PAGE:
Mind Control for the Heart

Written by Science Knowledge on 4:00 AM

For the most part, your heart rate ratchets up and slows down on its own, without any conscious control on your part. However, an interesting technique called biofeedback can give you the ability to influence automatic body processes like heart rate. In a typical biofeedback session, a trainer hooks you up to specialized equipment that measures something you can’t ordinarily perceive, like brain activity, skin temperature, or muscle tension. The equipment then translates this information into something you can perceive, such as a tone that varies in pitch, a light that varies in brightness, or an image with shifting lines. You then follow a series of mental exercises until you eventually stumble on a technique that causes the right physical change and the corresponding auditory or visual signal. For example, a biofeedback session might measure the activity of a brain region known to influence heart rate. Through trial and error, you can learn how to slightly slow your rate using nothing more than mental power.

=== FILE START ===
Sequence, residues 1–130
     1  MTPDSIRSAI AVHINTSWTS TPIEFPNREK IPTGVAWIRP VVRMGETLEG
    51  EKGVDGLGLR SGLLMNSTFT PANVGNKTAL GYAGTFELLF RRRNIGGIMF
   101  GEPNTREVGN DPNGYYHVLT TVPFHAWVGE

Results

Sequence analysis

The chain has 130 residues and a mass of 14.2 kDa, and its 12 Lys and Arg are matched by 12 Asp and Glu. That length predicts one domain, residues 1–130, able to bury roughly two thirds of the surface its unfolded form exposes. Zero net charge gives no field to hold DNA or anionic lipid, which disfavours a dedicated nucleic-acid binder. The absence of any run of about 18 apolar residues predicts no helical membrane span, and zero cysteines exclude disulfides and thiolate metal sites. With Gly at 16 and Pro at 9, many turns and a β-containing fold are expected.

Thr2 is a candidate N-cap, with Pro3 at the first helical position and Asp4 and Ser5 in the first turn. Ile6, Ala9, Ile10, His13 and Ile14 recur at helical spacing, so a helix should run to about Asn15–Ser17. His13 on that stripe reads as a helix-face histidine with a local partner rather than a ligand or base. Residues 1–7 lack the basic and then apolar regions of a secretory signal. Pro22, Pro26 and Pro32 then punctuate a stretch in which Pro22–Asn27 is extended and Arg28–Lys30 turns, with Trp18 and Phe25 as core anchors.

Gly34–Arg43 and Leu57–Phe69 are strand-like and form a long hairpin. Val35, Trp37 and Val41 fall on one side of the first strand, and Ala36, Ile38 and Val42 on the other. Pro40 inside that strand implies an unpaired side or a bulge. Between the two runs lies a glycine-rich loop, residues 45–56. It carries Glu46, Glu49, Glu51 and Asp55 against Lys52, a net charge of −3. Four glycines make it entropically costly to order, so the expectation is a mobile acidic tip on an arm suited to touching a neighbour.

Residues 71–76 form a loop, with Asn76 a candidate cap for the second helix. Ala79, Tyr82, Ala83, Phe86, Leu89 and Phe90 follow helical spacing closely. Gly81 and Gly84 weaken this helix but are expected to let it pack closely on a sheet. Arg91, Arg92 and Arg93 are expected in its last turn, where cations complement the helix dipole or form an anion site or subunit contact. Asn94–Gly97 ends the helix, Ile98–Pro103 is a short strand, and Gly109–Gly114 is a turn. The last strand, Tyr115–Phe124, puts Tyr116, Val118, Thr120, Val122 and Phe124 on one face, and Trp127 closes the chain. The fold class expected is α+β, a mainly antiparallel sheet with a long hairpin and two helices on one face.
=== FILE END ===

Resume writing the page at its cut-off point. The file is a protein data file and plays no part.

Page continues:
The ultimate goal of most biofeedback training is to give you the ability to consciously reduce your reaction to the stresses of ordinary life—for example, damping down a racing heart or a sudden spike in blood pressure—even without the help of the fancy biofeedback equipment. Despite its promise, however, biofeedback hasn’t yet graduated from an experimental curiosity to a truly therapeutic tool.

Source of Information : Oreilly - Your Body Missing Manual

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In its broadest sense, science (from the Latin scientia, meaning "knowledge") refers to any systematic knowledge or practice. In its more usual restricted sense, science refers to a system of acquiring knowledge based on scientific method, as well as to the organized body of knowledge gained through such research.

Fields of science are commonly classified along two major lines: natural sciences, which study natural phenomena (including biological life), and social sciences, which study human behavior and societies. These groupings are empirical sciences, which means the knowledge must be based on observable phenomena and capable of being experimented for its validity by other researchers working under the same conditions.


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